By: Susan Hasho




Jonatha Brooke is a singer/songwriter. I first heard of her when I fell in love with her album The Story: Angel in the House. At the time, she was partners with Jennifer Kimball, and the song Angel in the House totally captured me. The partnership ended and Jonatha Brooke successfully moved on to write and produce many more songs. Now she has brought her one woman show My Mother Has Four Noses (A Mother/Daughter, End-of-Life Love Story…Complicated By Religion and Dementia) to New York City. Ms. Brooke is a unique and singularly gifted artist. To have written a show about her mother’s dying, to bring her work to such an intimate and traumatic event—the disturbing death of her mother—takes a particular kind of courage. Her mother was a poet, a clown and an avid Christian Scientist. A sign of her loyalty to her religion and the insanity of it, one might say, is that she chose earlier in her life to allow cancer to spread over her face without medical intervention until among other things she had no nose. Eventually she agreed to surgery, but as a result of her condition, she had four different prosthetic noses—and a still constant unwavering love of her religion.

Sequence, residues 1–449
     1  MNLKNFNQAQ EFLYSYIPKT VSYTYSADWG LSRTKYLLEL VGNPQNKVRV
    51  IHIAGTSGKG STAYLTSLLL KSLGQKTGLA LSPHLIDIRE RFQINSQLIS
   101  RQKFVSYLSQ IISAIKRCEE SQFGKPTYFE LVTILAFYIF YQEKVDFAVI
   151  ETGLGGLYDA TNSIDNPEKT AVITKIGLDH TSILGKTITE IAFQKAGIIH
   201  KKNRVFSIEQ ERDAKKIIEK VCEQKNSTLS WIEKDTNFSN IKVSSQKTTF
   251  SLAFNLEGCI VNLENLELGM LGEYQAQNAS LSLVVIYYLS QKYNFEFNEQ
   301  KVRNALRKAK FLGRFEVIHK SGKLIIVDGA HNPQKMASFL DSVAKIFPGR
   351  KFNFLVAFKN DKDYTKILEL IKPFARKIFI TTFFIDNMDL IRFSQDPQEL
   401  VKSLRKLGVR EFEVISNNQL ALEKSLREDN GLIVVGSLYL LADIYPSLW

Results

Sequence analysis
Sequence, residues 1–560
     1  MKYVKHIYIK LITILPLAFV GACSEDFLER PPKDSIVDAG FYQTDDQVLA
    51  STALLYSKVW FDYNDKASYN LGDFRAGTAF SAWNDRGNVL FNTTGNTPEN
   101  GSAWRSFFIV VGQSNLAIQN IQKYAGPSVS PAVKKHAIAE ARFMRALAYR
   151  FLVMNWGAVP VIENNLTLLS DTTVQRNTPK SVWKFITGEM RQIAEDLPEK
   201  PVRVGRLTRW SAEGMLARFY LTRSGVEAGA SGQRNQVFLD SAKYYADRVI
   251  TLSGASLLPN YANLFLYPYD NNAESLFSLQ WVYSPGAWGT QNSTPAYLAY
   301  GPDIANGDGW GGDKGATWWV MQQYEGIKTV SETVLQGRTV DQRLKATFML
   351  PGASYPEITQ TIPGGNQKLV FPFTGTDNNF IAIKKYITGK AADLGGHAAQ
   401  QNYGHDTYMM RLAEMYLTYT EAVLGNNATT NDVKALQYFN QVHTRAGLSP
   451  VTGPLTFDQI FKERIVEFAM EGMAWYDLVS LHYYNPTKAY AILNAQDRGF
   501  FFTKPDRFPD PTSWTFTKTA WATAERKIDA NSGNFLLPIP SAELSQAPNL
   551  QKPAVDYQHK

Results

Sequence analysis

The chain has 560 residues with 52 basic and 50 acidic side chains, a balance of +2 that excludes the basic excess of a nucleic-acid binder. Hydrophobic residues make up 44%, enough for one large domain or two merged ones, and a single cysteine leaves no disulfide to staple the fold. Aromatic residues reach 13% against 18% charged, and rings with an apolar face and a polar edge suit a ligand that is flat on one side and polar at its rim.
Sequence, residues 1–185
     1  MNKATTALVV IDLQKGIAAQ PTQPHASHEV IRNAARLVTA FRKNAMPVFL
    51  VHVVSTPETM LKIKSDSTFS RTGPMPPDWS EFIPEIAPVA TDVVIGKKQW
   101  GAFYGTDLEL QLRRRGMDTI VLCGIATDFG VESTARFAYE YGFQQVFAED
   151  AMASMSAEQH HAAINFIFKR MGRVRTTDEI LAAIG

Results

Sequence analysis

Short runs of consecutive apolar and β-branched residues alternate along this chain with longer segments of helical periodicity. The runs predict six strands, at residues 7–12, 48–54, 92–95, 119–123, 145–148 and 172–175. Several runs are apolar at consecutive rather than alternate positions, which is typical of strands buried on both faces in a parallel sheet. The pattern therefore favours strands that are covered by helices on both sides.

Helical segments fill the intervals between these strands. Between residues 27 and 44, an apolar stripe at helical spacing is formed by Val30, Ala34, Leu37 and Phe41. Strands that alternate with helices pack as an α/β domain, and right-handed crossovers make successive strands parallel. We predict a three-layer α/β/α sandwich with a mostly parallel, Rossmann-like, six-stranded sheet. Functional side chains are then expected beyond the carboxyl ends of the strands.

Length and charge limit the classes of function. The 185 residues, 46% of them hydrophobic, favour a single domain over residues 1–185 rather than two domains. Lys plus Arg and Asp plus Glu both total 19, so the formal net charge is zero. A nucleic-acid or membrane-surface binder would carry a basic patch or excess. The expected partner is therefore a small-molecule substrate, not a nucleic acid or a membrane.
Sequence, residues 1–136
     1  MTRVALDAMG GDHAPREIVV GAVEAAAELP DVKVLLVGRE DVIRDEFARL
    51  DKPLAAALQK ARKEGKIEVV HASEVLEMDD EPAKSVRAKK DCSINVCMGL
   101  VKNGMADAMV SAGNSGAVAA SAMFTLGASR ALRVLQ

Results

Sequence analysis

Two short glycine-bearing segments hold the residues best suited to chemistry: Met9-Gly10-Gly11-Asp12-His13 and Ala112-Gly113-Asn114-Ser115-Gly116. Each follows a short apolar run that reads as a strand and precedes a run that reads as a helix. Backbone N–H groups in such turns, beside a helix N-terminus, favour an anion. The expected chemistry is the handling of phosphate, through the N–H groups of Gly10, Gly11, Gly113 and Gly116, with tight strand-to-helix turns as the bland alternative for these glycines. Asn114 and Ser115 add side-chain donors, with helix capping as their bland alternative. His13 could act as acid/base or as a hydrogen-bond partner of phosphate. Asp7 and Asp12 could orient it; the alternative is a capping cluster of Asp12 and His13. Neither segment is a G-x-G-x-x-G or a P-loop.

Eccentricity is not unusual, but in this mother/daughter story, it is mixed with incredible love and compassion.



The script is a chronological description of the experience of dealing with her mother’s last two years of life. The dementia, the spiritual and the practical details are all expressed in a charming but somewhat stalwart manner. The songs are the moments when Jonatha Brooke, not just the daughter but the lifelong singer/songwriter, reveals her emotions; and the songs are beautiful and riveting. As a whole, the play seems separate in style and feeling from the music. It could be because Ms. Brooke is not as strong an actress as she is a singer. It could be because in order to relive such an experience onstage a mask of separation from the audience was needed. But the effect was that we, as the audience, were kept at arms’ distance by Ms. Brooke’s smile and her game depiction of soldiering on—and then relieved by the haunting immediacy of her singing voice.


But these lyrics from the song in the show called How Far You’d Go for Love say the most about the value of this production and its ambitious subject—“No one knows how far you’ve fallen underneath the spell. You’re all alone and no one’s calling. But it’s just as well. You would never tell how far you’d go for love; you never know how far you’d go for love until you go far beyond what you have ever known of love for love.”


The orchestrations by Jonatha Brooke (guitar) and Ben Butler (guitar) are lush and beautiful; and with Anja Wood on cello completing the musical ensemble, the music is stunningly performed.


My Mother Has Four Noses: written and performed by Jonatha Brooke and directed by Jeremy B. Cohen at The Duke on 42nd Street. A limited-run through Sunday, May 4th.  Tickets, priced at $70.00, are on sale now by calling The Duke on 42nd Street’s Ticket Services at 646-223-3010 or online at